Nissan targets top class

As new Le Mans hybrid makes public debut at Fuji

Nissan has taken the first steps towards building a hybrid Le Mans 24 Hours challenger to next year’s LMP1 rulebook to take on Audi, Toyota and Porsche from 2015.

The Japanese manufacturer is committed to entering the P1 division as a condition of its ‘Garage 56’ entry with the ZEOD RC racer at next year’s 24 Hours. Nissan had wanted to join the top division with a more avant-garde racer, possibly an all-electric car, but it has been told by the Automobile Club de l’Ouest at Le Mans that it must compete within the framework of the new rules.

Nissan global motor sport boss Darren Cox said: “What we wanted to do was probably a step too far. We completely understand the ACO’s position, because trying to balance petrol and diesel cars is difficult enough.”

The ACO said it is open to new fuels and technologies in LMP1, but has stated that 2015 would be too early by some margin to extend the scope of the new category.

Cox explained that “seed funding” was already in place to start conceptual work on the P1, but stressed that the programme had not been given the final go-ahead despite its obligation to the ACO. “Until the budget is locked in, we cannot be sure that it will happen,” he said. “Our normal budget cycle begins in December, so we could expect a decision then.”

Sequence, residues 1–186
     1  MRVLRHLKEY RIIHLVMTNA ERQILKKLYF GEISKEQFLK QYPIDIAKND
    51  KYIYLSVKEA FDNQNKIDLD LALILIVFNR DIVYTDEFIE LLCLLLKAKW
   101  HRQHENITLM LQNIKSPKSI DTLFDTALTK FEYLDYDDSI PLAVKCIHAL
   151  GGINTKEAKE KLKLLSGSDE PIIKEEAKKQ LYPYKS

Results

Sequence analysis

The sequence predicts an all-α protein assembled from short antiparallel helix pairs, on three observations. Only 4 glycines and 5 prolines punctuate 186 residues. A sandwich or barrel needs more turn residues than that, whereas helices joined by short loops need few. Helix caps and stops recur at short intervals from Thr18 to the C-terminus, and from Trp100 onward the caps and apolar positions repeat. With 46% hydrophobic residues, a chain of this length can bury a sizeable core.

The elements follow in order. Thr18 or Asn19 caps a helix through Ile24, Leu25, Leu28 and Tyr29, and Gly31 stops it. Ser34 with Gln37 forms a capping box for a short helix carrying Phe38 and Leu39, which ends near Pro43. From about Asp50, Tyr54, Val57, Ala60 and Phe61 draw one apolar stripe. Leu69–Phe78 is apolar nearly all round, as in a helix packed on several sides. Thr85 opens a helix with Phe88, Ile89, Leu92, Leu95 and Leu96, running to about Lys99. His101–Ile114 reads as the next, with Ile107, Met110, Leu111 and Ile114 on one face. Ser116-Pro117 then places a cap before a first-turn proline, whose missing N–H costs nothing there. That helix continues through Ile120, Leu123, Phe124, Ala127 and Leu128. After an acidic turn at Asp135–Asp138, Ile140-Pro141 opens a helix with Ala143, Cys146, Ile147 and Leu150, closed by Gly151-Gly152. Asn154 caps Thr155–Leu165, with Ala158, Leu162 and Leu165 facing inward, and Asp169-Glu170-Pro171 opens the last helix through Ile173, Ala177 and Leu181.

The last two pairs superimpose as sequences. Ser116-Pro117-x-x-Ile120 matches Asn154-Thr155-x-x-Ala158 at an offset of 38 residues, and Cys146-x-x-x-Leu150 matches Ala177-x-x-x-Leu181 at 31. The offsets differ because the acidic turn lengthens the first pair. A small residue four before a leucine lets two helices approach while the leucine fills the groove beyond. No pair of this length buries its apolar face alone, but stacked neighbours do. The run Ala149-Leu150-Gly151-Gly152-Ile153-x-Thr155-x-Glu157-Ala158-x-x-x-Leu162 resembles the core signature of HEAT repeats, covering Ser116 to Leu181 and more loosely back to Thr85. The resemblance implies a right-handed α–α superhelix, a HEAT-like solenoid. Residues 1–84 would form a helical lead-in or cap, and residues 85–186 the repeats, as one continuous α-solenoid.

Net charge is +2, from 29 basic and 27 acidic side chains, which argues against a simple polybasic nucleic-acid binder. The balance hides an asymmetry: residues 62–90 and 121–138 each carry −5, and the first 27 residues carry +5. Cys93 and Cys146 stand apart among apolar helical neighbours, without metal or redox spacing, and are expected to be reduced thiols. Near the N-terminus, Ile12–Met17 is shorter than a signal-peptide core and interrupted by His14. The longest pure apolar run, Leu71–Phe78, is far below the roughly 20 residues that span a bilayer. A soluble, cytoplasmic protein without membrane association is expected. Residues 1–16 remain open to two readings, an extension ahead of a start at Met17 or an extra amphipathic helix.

No decisions have been made regarding “where to build it and who will run it”, according to Cox. “The first step is to look at the different concepts to see what is needed in terms of the powertrain.”

The ZEOD was launched in Japan in October ahead of its first public appearance at the Fuji round of the WEC. Nissan abandoned plans to run the car around a full lap on only electric power and instead demonstrated it on the main straight. Cox explained that the electric drivetrain was not yet able to run on full power.

“The different parts – the battery, the motors and the management systems – are not allowing each other to do their jobs,” he said.

“All the bits work perfectly well on their various dynos, but when you get to put them together, they aren’t talking to each other properly.”

Early reports that the internal-combustion part of the ZEOD’s powertrain is a supercharged three-cylinder engine are “almost correct”, according to Cox.

Gary Watkins